Our high holy days are upon us! Our Palm Sunday celebration today begins Holy Week. You will find a complete schedule of events leading us to the Holy Triduum - Holy Thursday, Good Friday and the Easter Vigil and Easter liturgies in this bulletin.

The Easter Vigil is the focal point of the entire Church year. In remembering the passion, death and resurrection of Jesus, we proclaim our death to sin and our rising to new life in Jesus. Plunged into the waters of baptism, we emerge refreshed and enlivened to help God do the work of the Church. The best gift we can give our families and ourselves is a prayerful participation in the liturgies of the Holy Triduum. Let us walk with the pray with Jesus as we celebrate the events marking the beginning of our salvation. Let us ask God to strengthen us so we can continue the work begun by Jesus our Savior.

I wish to thank Fr. Scott Seethaler for a wonderful mission. His message was excellent, especially for us to make Lent a time for awakening to God's presence in our lives. I also wish to thank all who attended the evening conferences and the morning Masses. Everyone definitely received a blessing as well as our parish.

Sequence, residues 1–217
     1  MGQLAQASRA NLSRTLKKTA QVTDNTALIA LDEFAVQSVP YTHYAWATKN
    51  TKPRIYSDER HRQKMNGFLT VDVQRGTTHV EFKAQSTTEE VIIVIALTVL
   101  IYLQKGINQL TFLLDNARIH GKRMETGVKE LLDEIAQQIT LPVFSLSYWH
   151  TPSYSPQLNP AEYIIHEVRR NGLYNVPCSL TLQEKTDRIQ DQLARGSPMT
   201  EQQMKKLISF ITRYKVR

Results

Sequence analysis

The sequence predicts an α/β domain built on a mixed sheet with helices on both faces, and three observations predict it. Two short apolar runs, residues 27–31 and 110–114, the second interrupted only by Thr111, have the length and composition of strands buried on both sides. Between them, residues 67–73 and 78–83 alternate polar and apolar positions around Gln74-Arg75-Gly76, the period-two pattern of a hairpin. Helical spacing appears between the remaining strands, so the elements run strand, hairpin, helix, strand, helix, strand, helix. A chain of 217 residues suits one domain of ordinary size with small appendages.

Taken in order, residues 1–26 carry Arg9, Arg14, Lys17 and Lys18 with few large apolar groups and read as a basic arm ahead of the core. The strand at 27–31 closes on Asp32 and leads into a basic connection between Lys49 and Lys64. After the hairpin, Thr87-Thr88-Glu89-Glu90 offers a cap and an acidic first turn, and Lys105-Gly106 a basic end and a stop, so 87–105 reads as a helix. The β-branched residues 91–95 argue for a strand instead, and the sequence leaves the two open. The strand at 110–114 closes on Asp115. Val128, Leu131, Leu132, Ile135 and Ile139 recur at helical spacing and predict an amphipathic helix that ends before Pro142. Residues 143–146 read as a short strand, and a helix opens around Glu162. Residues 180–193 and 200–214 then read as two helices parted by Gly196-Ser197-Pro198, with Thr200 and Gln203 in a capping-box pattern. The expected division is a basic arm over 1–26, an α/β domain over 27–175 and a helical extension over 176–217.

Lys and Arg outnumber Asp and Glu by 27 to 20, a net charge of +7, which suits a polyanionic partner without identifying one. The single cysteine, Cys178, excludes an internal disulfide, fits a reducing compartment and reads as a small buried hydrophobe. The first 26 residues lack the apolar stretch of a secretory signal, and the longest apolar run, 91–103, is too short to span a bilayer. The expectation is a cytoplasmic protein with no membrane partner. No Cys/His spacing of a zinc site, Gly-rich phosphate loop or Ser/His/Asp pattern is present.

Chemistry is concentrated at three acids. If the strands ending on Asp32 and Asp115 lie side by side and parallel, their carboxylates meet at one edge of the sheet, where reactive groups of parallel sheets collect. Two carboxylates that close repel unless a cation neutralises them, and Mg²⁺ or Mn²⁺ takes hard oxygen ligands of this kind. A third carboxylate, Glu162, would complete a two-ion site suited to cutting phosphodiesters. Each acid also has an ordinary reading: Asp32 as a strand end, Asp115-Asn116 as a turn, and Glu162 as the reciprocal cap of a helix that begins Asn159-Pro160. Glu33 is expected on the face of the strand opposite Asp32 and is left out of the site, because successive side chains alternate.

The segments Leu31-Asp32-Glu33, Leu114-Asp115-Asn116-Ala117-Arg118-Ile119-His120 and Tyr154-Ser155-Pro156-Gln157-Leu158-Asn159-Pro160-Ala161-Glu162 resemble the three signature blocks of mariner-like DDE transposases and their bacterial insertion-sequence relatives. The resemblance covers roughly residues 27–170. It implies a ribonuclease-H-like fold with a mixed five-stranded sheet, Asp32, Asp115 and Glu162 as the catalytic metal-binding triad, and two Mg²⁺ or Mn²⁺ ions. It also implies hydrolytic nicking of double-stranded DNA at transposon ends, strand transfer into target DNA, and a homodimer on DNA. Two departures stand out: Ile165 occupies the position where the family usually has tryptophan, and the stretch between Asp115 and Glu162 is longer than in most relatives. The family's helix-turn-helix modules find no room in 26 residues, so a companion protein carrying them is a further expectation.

Monday, March 18, 2013

5th Sunday of Lent

We all know that we are sinners. At the beginning of each liturgy we acknowledge our failings and ask for forgiveness. "Mea culpa, mea culpa, mea maxima culpa" is easy to say aloud when everyone else is saying the same thing. And in a couple of weeks we will be singing, "O happy fault!" that brought Jesus into our world. But now, after five weeks of Lent, have we really examined our lives, looked closely at our actions and attitudes, and resolved to change? When we confess to Almighty God and to our brothers and sisters, we stand alone with our poor decisions written across our face, waiting for the weight of judgement to fall upon us. But we are not alone. Jesus stands with us.

Tuesday, March 12, 2013

4th Sunday of Lent

The main idea in this Sunday's Gospel, the parable of the prodigal son, is of family - a generous and forgiving father, a willful son, a jealous brother. Their relationships and conflicts could be recognizable to almost anyone, and these characters would not be out of place today on the couch with "Dr. Phil". But there is also another important thread that ties all the characters together: the idea of home. A place of departure and returning. A place of love and support, of safety and security. Ultimately, a place of welcome.